Earlier this month I did a What’s New in PyCharm 2016.3 webinar which toured the new features in 2016.3: Python 3.6, Django, web, VCS, and platform. Rather than a simple feature list, I took a different approach. We received some useful feedback, so I thought I’d write a recap and share some thoughts.
First, these webinars are really fun for me, both on the preparation and the webinar itself. But for full disclosure — it’s a surprising amount of work. Foremost, PyCharm itself is now so mature that the new features include some serious machinery. Branch coverage? If you don’t know it, you can’t cover it (pun intended). I had to spend a good bit of time learning more about coverage, profiling, and more.
I’ve recently been contributing to the arcade package for 2d Python games, so I used it as the testbed for exploring development stuff I should know, but don’t. Along the way, I came to a conclusion about webinars: I should show new features in the context of regular development, rather than a high-speed car chase through new functionality. This is something my boss Hadi Hariri has been pushing us developer advocates on: cover the why as much as the what.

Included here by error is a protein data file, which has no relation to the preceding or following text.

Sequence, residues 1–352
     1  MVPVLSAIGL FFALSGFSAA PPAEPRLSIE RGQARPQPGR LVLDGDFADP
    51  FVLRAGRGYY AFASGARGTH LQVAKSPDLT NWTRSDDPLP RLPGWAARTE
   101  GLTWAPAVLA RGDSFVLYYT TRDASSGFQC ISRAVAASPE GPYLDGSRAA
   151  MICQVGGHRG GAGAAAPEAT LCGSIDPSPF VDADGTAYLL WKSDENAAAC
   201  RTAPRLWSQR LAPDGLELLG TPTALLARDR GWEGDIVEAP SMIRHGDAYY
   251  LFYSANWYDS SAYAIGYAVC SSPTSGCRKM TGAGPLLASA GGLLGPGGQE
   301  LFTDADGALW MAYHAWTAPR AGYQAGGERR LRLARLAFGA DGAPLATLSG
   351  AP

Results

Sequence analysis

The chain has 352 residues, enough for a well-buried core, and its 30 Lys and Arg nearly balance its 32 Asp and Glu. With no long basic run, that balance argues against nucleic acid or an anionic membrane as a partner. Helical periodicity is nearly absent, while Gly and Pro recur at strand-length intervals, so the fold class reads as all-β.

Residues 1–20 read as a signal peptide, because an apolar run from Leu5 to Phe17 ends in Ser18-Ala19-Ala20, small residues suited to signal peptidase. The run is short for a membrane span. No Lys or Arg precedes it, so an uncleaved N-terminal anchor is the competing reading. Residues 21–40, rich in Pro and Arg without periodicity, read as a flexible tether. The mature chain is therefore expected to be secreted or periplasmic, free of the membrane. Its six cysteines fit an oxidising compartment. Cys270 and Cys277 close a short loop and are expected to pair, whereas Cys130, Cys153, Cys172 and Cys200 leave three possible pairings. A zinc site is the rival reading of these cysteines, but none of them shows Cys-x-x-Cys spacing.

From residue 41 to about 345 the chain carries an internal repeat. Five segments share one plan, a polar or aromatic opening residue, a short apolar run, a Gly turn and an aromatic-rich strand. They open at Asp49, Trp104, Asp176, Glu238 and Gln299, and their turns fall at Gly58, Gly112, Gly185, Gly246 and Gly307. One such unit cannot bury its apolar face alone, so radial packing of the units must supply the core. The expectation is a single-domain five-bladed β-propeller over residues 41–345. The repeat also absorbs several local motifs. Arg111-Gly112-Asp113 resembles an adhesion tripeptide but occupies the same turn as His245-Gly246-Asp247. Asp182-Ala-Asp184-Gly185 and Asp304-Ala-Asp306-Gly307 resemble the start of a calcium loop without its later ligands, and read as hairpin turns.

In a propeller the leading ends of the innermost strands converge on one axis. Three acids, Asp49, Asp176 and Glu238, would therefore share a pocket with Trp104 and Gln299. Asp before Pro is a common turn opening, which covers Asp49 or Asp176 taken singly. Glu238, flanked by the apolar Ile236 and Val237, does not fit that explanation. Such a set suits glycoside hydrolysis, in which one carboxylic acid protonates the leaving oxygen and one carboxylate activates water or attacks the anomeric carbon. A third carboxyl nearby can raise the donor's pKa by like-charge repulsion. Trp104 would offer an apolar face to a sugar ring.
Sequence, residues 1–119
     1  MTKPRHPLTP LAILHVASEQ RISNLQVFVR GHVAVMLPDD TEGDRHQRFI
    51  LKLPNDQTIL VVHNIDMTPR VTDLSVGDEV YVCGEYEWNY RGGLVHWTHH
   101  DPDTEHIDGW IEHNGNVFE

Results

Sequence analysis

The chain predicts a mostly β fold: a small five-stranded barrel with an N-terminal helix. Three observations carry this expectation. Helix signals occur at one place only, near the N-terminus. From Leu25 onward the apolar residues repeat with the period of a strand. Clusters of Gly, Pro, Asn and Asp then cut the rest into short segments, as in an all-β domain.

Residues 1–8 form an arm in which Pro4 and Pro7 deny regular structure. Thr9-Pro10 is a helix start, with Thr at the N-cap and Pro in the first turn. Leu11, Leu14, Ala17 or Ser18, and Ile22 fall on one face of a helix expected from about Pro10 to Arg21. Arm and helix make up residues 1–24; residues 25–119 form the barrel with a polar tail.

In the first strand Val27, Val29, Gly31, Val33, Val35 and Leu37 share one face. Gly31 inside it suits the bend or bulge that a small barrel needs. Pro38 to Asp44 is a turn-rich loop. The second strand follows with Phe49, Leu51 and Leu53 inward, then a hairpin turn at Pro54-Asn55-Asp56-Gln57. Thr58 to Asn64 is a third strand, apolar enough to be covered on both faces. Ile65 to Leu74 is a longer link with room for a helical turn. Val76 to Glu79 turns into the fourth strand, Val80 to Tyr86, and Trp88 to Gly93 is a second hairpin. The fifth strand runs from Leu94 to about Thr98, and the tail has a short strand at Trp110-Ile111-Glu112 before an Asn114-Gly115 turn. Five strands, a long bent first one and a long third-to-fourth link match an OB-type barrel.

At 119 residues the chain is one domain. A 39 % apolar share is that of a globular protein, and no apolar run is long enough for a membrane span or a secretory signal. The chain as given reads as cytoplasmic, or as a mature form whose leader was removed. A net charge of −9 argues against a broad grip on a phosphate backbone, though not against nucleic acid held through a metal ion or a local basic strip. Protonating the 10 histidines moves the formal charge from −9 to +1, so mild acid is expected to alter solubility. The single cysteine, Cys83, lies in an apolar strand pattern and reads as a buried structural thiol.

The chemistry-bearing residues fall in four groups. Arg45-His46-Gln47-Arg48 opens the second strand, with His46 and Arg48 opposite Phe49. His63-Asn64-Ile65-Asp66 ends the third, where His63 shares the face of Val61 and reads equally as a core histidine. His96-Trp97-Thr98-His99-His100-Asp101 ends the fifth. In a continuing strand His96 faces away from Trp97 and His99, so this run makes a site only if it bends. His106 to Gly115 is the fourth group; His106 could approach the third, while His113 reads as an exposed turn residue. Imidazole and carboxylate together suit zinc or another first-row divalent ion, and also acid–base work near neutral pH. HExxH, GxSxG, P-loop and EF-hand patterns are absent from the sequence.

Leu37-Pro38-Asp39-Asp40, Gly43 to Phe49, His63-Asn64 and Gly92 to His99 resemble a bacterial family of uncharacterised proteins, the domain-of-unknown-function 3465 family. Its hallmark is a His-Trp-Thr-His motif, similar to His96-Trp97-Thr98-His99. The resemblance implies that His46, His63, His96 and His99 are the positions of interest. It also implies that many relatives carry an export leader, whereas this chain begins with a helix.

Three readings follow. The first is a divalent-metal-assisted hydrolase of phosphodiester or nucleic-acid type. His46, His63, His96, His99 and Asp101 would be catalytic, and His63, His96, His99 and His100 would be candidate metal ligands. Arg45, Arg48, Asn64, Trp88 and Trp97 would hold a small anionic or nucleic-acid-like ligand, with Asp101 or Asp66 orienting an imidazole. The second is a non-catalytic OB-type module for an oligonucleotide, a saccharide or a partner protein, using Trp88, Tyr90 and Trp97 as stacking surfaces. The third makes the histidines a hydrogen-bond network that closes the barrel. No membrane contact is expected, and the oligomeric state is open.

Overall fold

I decided to show the Python features in the regular course of writing a 2d game. It meant, though, that my challenge greatly increased: I needed a sequential script that introduced disparate “What’s New” items without seeming contrived. My sequence went through a lot of throw-away-start-over cycles.
How did it go? It seemed to go well. It certainly felt more valuable — not to mention, more fun — to show “Faster VCS Log Searches” as part of regular open source project coding. The feedback seemed to agree: most of the input zeroed in on this aspect and said they liked it.
Here were some of the better suggestions on how to improve the webinar:
- It was densely-packed, so provide the outline/transcript in advance, plus reference links.
- Pause more during execution, to let GoToMeeting (our webinar software) lag catch up.
Our survey also asks for topics for future webinars. Some of the common themes:
- DataGrip, our IDE-for-Databases that is bundled in PyCharm Professional. I showed a tiny bit of it and I think it blew people away.
- More Django (in fact, it’s the next webinar)
- Test coverage, profiling, and other core skills
- Python for data science
- Remote development (Vagrant, SSH, Docker, etc.)
Got other webinar ideas? Have something interesting to say and would like to do a webinar? Drop us a note in the comments, or send me an email, and let us know.
All in all, this new approach to doing What’s New webinars via actual development, instead of features-as-laundry-list, looks like a keeper. I’ll refine it to get better in the future. If you have a chance, watch the recording and let us know what you think.